Our Home

For more than 25 years, our congregation operated out of a variety of locations in the Village.  Finally, after a two-year search for a home of our own, we discovered a dramatic loft space in a historic building, built in 1929.  The first Ralph’s Supermarket in Westwood, the building has gone through various incarnations throughout the years, most recently being purchased by TOPA Properties.

Skillfully designed by noted architects Abramanson/Teiger, the space has been transformed from a dusty storage unit into a magnificent sanctuary with soaring 25-foot ceilings, a dramatic Aron Kodesh to house our Torah, intimate spaces in which to learn, and a spacious room for our youth program --  complemented throughout with warm woods and fabrics that reflect the welcoming, embracing nature of our congregation.

Thanks to the tremendous financial support and commitment of our own members as well as many others in the community, we inaugurated our new space at our 2009 High Holiday services and dedicated it at a Chanukah Habayit on December 14. We are grateful for the support of our generous donors, our architect and contractor, Zuma Construction, TOPA Properites, and many others who helped make our dream a reality.

THEN...

THEN...

...and NOW

...and NOW

Our Ner Tamid

The Ner Tamid in our Shul was designed to honor the memory of "Gita bat Nechama", the mother of Norm Abrams. Her name is carried by the upper bird, symbolizing "the Neshama shall continue to rise".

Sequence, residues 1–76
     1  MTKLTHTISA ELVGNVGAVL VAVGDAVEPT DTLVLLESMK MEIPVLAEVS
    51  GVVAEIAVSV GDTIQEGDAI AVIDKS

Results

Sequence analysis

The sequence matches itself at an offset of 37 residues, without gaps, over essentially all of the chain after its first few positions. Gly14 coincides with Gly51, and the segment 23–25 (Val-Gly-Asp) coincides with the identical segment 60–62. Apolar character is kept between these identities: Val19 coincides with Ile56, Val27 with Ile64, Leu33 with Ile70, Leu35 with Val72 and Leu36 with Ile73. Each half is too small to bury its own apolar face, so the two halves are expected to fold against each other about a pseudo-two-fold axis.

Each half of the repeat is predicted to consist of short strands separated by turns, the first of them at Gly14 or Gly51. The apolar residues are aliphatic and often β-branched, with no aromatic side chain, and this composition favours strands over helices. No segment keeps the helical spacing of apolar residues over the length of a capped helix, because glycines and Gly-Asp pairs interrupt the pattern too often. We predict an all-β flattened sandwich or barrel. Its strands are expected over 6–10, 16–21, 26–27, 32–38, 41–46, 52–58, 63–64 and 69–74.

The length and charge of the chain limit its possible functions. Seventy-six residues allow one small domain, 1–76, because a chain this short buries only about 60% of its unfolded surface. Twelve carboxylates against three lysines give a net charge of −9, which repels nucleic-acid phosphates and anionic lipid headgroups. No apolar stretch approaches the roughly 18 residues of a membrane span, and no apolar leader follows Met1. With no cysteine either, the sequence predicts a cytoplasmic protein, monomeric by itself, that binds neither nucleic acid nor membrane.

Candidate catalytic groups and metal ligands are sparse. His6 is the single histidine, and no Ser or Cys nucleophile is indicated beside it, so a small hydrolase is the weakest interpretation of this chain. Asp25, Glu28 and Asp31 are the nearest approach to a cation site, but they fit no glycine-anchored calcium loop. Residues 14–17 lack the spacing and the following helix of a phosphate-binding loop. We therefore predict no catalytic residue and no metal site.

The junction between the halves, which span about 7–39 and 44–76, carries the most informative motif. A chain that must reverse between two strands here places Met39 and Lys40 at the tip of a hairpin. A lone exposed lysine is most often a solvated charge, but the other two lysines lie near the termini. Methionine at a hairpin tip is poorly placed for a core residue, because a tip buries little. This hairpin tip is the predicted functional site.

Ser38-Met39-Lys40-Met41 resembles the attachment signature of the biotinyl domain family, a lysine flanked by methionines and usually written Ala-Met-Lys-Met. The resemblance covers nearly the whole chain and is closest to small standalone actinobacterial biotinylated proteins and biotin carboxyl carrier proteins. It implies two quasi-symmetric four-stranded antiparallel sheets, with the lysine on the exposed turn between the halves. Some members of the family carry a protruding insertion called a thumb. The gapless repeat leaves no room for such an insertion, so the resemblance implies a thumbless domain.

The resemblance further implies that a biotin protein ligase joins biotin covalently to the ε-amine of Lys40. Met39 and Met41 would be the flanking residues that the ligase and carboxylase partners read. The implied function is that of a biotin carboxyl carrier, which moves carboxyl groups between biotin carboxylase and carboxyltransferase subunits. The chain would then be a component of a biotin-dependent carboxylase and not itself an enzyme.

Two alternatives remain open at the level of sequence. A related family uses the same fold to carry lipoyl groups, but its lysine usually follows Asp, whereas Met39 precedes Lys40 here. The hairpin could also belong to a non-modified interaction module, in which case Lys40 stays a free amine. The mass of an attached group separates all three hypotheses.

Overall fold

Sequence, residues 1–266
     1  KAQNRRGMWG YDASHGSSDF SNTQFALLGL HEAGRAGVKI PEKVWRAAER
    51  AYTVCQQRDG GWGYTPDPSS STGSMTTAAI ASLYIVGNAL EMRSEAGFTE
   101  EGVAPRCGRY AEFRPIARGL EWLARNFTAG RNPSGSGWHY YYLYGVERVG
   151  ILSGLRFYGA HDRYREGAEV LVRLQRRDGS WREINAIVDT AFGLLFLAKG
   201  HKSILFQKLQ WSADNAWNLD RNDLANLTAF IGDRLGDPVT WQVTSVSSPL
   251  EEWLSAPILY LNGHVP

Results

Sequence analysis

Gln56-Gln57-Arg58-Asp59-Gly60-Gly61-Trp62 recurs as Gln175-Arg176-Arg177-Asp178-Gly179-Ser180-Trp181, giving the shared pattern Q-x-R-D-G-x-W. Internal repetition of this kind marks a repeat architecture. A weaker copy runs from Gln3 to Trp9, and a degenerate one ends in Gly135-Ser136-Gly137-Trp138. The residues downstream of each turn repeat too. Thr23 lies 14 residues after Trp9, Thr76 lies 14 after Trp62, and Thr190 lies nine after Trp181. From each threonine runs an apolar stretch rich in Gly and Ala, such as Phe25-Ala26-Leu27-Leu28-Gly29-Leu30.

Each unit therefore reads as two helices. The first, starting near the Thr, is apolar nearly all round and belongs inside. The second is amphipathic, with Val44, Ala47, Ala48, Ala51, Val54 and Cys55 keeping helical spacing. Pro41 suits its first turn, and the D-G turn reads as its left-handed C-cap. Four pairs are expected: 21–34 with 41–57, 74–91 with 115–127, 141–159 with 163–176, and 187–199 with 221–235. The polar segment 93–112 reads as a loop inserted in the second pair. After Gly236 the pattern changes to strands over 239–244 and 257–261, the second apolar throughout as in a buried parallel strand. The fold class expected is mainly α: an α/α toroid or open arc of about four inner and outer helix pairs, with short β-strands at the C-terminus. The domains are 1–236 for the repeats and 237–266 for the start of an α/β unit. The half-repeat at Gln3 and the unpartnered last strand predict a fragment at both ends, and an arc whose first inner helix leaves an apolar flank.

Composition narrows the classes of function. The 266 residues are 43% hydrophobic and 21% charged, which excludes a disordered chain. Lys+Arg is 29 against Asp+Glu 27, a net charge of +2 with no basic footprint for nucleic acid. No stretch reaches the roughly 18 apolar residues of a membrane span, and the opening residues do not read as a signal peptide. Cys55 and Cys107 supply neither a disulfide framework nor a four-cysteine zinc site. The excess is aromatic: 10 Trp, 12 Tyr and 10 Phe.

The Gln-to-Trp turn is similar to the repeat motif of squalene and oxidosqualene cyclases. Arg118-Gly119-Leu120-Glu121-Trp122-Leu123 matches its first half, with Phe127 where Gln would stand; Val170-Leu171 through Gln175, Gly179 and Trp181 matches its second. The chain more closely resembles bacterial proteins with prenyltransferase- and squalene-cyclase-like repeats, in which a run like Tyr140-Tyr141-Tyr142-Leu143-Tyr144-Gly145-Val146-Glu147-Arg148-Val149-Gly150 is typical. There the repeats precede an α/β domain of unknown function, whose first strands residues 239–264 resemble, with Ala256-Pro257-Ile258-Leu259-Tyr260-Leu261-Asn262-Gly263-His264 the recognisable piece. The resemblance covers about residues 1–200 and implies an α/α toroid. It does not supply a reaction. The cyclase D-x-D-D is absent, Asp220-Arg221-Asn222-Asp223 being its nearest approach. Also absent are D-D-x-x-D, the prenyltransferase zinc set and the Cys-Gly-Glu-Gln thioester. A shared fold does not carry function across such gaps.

The rising spiral is the sentence from the havdalah:" For the Jews there was light, gladness, joy, and honor..."


Designed and created by Jerry Rosenbloom

Part of the design concept came from the following legend:
In the first chapter of Second Maccabees, one of our earliest sources for the story of Hanukkah, the writer mentions a tradition called "The Feast of the Fire." According to the legend, when the Babylonians destroyed the first Beit Hamikdash, some kohanim took fire from the altar and buried it – they hid it, in a secret cistern, which is a pit coated with lime for storing rain water, somewhere near the Temple Mount. After seventy years, the Persians took over and allowed the Jews to return. The Jewish leader Nechemiah instructed the kohanim to find and dig up this fire, so they could use it on the new altar in the rebuilt Beit Hamikdash. What they found, instead of the fire, was ice. Nechemiah told the kohanim to bring it anyway, and place it on the wood for the sacrifice and the offering itself. And as the sun emerged from the clouds, the ice melted and a fire burst forth from the altar and consumed the offering. And apparently, this first fire in the renewed Temple caused the altar itself to shine with a bright light, even brighter than the fire of another sacrifice.